11 October 2012
In July 1885 the Pall Mall Gazette ran a series of article entitled The Maiden Tribute of Modern Babylon. These were written by the Gazette’s editor W.T.Stead, the man who invented the newspaper interview, took it to new heights when he started interviewing the dead, with whom he, a spiritualist, routinely communicated and, finally, took himself to new depths when he bought a ticket for the Titanic.
Stead’s article was about child prostitution in London. This caused some consternation among the great and the good, presumably because some of them were guilty. Certainly Edward, Prince of Wales, was said to have a taste for perilously young girls. Stead had procured a child to demonstrate the truth of his case, but some technicality of the deal gave the g & g the chance to have him imprisoned for three months. He emerged triumphant.
Stead, a man of a certain, bizarre greatness, had tabloid or even ‘yellow’ instincts. A couple of crossheads from his Maiden Tribute articles were ‘The Violation of Virgins’ and ‘Strapping Girls Down’. Yet he was a genuinely great journalist and his campaign was brilliantly successful. As a direct result, for example, the age of consent was raised from thirteen to sixteen.
This is not to exculpate him, it is just to say that there are irrational subtleties in the public response which should be noted
As well as the interview, a convention of journalistic style, Stead had also created a convention of content – child abuse has, ever since, been a tabloid and, latterly, broadsheet basic. We are now in the midst of another abuse flare-up – Jimmy Savile and the abduction of April. The latter brought out an entire town, eager to be involved, and the former is reaching ever more dizzying heights with not only the destruction of Savile’s gravestone but also the prospect of his family having his body exhumed. The Daily Mail, meanwhile, was given a splash on a plate by Lord Patten when he spoke of ‘the cesspit of the Jimmy Savile allegations’.
One has to be coldly honest about what exactly is going on here. First, child abuse is horrible and, when accompanied by murder, it becomes a crime beyond imagination. But there are nuances in terms of the reaction. Is there the same emotional reaction to the abuse of boys by women as to the abuse of girls by men? Definitely not. The age of the girl does not seem to be material, Savile is being indicted on the basis, as far as I can see, of mainly teenage victims,some above the age of consent. This is not to exculpate him, it is just to say that there are irrational subtleties in the public response which should be noted.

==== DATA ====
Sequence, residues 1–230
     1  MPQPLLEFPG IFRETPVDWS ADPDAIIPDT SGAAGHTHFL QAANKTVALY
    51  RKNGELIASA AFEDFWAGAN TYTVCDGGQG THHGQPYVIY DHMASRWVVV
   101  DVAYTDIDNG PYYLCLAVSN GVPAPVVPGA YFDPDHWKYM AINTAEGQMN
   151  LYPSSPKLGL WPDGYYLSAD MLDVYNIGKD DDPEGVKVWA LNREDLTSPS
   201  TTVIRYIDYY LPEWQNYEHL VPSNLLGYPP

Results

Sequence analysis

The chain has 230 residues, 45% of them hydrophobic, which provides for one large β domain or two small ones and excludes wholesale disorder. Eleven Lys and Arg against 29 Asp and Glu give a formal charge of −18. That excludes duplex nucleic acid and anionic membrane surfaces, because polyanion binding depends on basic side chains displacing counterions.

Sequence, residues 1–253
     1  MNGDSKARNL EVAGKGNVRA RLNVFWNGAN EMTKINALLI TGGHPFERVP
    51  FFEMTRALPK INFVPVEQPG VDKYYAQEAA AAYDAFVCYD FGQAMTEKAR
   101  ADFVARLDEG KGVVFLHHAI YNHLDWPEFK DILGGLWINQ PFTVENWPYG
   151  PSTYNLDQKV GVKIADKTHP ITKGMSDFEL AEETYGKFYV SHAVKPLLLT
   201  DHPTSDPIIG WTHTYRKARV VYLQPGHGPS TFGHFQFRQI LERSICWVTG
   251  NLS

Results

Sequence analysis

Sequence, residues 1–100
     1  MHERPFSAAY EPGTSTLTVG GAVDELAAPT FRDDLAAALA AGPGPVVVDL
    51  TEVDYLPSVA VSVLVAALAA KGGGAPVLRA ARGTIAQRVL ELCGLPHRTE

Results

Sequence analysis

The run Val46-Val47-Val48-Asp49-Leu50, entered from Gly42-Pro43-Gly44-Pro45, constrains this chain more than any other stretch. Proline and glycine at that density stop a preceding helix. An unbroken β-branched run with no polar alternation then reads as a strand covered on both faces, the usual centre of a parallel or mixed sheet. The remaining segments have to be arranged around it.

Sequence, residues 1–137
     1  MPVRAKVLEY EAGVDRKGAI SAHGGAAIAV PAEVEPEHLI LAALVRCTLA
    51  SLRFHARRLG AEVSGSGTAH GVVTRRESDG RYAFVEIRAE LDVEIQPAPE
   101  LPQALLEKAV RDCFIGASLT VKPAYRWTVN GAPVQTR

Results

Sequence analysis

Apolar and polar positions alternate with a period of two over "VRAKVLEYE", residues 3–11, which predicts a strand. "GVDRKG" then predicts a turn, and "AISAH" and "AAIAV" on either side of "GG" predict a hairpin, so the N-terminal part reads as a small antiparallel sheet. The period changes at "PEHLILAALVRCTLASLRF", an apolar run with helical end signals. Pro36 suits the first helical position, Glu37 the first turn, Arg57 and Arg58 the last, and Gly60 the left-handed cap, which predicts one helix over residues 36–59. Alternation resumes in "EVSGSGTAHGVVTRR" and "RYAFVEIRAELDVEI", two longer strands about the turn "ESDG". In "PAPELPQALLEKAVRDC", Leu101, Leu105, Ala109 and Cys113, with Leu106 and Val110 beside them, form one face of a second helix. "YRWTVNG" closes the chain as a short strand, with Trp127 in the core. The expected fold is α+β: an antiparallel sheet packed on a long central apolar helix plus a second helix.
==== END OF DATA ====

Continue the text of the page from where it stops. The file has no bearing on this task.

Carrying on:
Secondly, who can doubt that there is, for some, an erotic fascination? Without doubt, once we have reached the point of exhuming perpetrators, there is a ghoulish fascination. There is also a suspiciously easy moral righteousness. Child abuse is almost the only evil on which we can all agree. It is thus all to easy to form a mob. We should not forget those mothers who demonstrated outside the house of a pediatrician, nor should we forget the sight of their daughers – eight or nine-year-olds in short skirts and full make up. (I commented on this and other things at the time and was called, somewhat alarmingly, ‘brave’ by Laurie Taylor.) The point about those mothers and those children is that contemporary culture has successfully blurred the line between child- and adulthood. 40-year-olds dress like kids and kids dress like 20-year-olds. It is not, frankly, surprising in such a climate that some inadequates may confuse themselves to the point of vile criminality. Or put it another way: we still pay a Maiden Tribute but in away that can easily be disguised by a moral frenzy.
Without doubt, once we have reached the point of exhuming perpetrators, there is a ghoulish fascination
The problem with moral frenzies is they make cowards of us all. All the apologisers queueing up at the BBC have become Men without Chests (C.S.Lewis, definitely, following Nietzsche, I think.) They are puppets of the prevailing temper, devoid of independence either of intellect or judgment on the matters at hand. I don’t blame them – I’d probably be forced to do the same in their position; their chests have been stolen not given away.
The question is: does any of this do any good? The answer is obviously no. Child abuse should be prevented and/or punished. It should not be used as a priggish moral crusade to disguise our woes nor as a prison for our intellects. Stead would be horrified. Sorry, I meant Stead IS horrified. He still pops us at seances.